Rhio vs Nyla Rose massively overdelivered for me, and was probably my favourite match of the night. The best performance by either woman since AEW started, and I still find it surreal to see Rhio given this opportunity. Not sure about Nyla being suddenly repositioned as a heel, as much as it made sense for the size dynamic in this match - it feels a bit lazy to go "big woman = baddy", particularly when said big woman has now lost more often than she's won, and when you've also got Awesome and Aja Kong on the roster.

I don't mind Kenny Omega getting involved at the end of the women's match, though it was odd positioning to have it right before the main event. I don't think there's anything wrong with having Omega show up twice, but back-to-back segments just feels like poor pacing. Main event was fine but unremarkable for who was involved, though was more about setting up the future than delivering a great match, and that's ground we've not really seen AEW tread yet, so that's good. Young Bucks' formula could get really over-exposed if they're on TV every week.

Post-match, meh. Very little interest in Jake Hager being there, and while Jericho leading a heel stable isn't a bad idea, there doesn't seem to be any connecting thread between the characters involved. Hager teaming with LAX doesn't strike me as a coherent unit, and Sammy Guevera stands out like a sore thumb. It makes sense to have a heel stable around, though, given that Cody has an entourage, and you don't want the babyface in the next big title match being the one with the numbers advantage. Every time Hager got to hit a move, he looked like a dominant monster. Every time they cut to his blank stare, and him fiddling with his hair, he looked like a complete idiot. And they kept doing it.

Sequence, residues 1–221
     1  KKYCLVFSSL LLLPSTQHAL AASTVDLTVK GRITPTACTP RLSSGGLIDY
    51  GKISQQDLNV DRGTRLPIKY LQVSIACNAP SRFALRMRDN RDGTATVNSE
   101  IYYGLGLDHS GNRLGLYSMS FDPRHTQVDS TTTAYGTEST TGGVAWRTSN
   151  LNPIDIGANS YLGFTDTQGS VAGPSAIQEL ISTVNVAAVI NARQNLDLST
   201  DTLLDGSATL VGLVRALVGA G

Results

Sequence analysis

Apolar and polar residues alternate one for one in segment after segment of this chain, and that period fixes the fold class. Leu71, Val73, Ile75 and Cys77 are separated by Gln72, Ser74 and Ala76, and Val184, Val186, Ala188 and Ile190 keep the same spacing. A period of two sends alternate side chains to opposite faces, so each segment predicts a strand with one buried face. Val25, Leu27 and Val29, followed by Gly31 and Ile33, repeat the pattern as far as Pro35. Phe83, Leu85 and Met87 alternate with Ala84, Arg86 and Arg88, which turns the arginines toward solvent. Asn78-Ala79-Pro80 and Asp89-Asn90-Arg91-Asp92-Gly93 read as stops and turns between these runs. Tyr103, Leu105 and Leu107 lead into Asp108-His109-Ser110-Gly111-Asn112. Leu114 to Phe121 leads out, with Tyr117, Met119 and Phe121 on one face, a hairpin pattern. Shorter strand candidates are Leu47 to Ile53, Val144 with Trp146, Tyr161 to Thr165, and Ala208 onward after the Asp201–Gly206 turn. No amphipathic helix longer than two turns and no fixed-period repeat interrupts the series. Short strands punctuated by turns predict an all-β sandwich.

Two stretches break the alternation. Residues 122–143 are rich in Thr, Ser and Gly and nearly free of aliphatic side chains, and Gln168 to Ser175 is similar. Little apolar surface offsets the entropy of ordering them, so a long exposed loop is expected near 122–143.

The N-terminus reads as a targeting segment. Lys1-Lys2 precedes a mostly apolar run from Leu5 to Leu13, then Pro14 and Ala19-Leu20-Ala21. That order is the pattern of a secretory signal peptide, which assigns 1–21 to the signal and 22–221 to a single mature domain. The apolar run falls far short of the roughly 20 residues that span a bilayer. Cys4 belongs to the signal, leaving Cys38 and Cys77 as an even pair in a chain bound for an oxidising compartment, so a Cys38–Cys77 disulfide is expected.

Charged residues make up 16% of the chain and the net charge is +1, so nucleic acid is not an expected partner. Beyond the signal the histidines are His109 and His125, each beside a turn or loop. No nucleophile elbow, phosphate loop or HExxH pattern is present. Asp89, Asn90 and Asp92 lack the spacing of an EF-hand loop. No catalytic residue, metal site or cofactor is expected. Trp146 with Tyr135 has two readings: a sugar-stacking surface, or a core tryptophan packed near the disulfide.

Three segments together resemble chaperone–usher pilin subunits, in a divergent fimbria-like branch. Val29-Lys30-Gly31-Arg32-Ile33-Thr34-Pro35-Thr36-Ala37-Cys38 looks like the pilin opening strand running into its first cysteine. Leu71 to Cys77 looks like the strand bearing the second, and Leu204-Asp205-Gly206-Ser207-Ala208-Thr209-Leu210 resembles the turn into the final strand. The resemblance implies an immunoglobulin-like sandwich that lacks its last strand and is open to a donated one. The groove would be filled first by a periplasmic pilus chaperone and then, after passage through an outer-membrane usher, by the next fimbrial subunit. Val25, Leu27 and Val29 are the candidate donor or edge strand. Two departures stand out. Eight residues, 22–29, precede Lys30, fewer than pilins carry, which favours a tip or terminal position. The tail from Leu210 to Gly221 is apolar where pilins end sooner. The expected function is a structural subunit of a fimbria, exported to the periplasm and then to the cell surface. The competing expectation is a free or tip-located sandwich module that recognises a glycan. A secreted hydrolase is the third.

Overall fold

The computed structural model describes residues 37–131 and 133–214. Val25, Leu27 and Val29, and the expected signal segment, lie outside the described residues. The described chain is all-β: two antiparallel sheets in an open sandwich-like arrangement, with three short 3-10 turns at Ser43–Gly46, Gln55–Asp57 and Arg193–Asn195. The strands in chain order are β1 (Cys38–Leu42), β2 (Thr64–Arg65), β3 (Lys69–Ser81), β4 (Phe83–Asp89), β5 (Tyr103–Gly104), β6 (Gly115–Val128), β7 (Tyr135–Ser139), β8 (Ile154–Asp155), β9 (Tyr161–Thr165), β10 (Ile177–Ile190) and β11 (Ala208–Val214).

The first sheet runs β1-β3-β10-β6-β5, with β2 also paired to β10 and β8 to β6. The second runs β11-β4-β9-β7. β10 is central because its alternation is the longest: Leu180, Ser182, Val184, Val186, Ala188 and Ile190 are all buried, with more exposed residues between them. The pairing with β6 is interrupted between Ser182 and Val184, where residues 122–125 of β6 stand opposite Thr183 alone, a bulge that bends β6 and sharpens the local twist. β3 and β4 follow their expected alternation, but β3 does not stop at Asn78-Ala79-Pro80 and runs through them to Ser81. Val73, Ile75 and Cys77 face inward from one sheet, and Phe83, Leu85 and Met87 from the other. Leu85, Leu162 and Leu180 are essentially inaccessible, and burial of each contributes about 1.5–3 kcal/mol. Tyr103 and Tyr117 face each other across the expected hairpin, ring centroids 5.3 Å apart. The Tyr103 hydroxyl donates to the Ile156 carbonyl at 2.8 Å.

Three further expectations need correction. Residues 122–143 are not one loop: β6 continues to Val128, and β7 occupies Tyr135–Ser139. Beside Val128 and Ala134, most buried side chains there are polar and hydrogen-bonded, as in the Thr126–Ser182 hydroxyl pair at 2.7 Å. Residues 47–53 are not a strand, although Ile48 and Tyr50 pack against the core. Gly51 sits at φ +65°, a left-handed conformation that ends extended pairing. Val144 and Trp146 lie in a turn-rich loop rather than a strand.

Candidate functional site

Reusing Guevera here raises another point - having talent recurring throughout the show can be good, as it creates a sense of narrative, and of continuity from the first match to the last. But it also runs the risk of making it feel like a very small roster, to have to rely on the same people showing up multiple times, rather than showcasing a broader array of talent. 

 

Anyway, Dustin got by far the biggest pop of the night for showing up, and the second biggest for hitting his first move, so let's hope they realise what they have with him and act on it.

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I was okay with the Omega run-in on the basis that it sort of made sense to me - he's ready for his match, he's near the entrance, so he's in the right position to suddenly run in for the rescue.